U.S. pays for care of illegal aliens
Treatment money for border states
THE NEW YORK TIMES | May 10, 2005
By ROBERT PEAR
WASHINGTON -- The Bush administration said yesterday that it would start paying hospitals and doctors for providing emergency care to illegal immigrants.
The money, totaling $1 billion, will be available for services provided from today through September 2008. Congress provided the money as part of the 2003 law that expanded Medicare to cover prescription drugs, but the new payments have nothing to do with the Medicare program.
Members of Congress from border states had sought the money. They said treatment of illegal immigrants imposed a huge financial burden on many hospitals, which are required to provide emergency care to patients who need it, regardless of their immigration status or ability to pay.
Under the new program, hospitals are supposed to ask patients for documents to substantiate payment claims. But Dr. Mark McClellan, administrator of the Centers for Medicare and Medicaid Services, said a hospital should not directly ask a patient "if he or she is an undocumented alien."
Instead, he said, hospitals can try to establish a patient's status by analyzing the answers to "indirect questions": Is the person eligible for Medicaid? (If so, payment is generally not available under the new program.) Has the person reported a foreign place of birth? Does the person have a border-crossing card like those issued to Mexican citizens? Does the person have a foreign passport, a foreign driver's license or a foreign identification card?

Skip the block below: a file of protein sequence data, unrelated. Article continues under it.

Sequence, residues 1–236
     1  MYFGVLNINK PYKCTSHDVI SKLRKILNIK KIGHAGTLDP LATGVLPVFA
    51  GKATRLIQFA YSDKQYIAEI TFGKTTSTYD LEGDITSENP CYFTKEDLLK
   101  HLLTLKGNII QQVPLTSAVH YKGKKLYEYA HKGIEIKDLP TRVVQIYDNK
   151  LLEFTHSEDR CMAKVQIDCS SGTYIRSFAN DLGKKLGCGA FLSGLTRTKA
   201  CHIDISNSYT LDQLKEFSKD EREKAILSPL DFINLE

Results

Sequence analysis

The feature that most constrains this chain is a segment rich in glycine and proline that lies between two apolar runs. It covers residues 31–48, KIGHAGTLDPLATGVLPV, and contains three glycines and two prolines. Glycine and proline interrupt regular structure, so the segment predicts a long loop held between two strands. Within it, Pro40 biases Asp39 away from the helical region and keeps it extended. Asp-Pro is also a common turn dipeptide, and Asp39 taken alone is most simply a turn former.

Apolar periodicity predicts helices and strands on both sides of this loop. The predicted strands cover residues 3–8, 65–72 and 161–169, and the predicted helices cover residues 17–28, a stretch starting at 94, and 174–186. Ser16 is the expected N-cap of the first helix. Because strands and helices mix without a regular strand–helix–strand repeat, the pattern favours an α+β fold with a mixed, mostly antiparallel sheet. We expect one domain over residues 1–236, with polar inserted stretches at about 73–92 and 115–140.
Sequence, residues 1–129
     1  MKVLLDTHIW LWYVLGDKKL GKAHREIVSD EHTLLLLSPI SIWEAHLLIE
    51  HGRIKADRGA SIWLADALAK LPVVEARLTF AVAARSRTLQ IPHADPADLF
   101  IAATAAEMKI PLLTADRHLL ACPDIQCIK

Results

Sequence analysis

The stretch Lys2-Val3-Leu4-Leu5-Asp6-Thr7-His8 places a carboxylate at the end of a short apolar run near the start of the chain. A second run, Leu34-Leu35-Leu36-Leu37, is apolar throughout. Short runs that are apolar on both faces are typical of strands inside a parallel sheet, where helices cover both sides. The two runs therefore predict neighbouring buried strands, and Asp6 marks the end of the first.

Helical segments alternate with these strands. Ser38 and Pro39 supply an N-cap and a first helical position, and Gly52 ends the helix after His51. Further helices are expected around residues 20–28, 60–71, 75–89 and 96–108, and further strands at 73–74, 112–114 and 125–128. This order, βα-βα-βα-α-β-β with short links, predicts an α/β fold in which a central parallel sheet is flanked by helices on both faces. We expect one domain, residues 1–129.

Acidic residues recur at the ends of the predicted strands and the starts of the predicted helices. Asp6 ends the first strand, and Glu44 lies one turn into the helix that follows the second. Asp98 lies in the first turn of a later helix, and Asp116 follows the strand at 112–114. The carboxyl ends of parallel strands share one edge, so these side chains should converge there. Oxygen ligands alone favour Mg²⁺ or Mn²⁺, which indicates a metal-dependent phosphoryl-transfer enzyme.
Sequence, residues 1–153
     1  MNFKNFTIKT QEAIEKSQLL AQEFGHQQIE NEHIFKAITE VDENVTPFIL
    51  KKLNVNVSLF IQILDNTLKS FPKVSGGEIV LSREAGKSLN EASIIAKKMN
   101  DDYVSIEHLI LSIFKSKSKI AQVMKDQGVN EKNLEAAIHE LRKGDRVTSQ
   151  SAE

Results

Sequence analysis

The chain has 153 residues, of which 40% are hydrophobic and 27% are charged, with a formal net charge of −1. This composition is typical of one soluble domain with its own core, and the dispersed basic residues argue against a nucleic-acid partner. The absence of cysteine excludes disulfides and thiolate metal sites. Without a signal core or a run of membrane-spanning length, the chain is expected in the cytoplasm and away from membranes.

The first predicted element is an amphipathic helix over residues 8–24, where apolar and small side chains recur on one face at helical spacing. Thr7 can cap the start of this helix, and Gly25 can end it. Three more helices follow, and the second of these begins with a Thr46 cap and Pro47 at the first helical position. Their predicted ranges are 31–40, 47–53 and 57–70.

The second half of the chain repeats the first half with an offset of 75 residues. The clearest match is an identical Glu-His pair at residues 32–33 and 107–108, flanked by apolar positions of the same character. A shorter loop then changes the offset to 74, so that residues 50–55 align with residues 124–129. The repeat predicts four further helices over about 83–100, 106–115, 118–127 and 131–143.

The Bush administration abandoned a proposal that would have required many hospitals to ask patients if they were U.S. citizens or legal immigrants.
"In no circumstances are hospitals required to ask people about their citizenship status," McClellan said yesterday.
Hospital executives and immigrant rights groups had said such questions would deter illegal immigrants from seeking care and could lead to serious public health problems by increasing the spread of communicable diseases.
Cecilia Munoz, a vice president of the National Council of La Raza, a Latino civil rights group, said the new requirements were an improvement over the original proposal but would still discourage some immigrants from seeking treatment.
"Hospitals will have to ask confusing, highly technical questions about immigration documents," Munoz said. "That will create a perception in the Latino community that you have to show your papers in order to get emergency care. That's a misperception, but it may be enough to deter some people from seeking care."
The new program is run by the Department of Health and Human Services. McClellan said the department would not provide information about illegal immigrants to law enforcement officials for use in "routine civil immigration proceedings." But in rare cases, he said, the information may be used in criminal investigations.
The largest allocations this fiscal year are going to California, which will receive $70.8 million; Texas, $46 million; Arizona, $45 million; New York, $12.3 million; Illinois, $10.3 million; Florida, $8.7 million; and New Mexico, $5.1 million.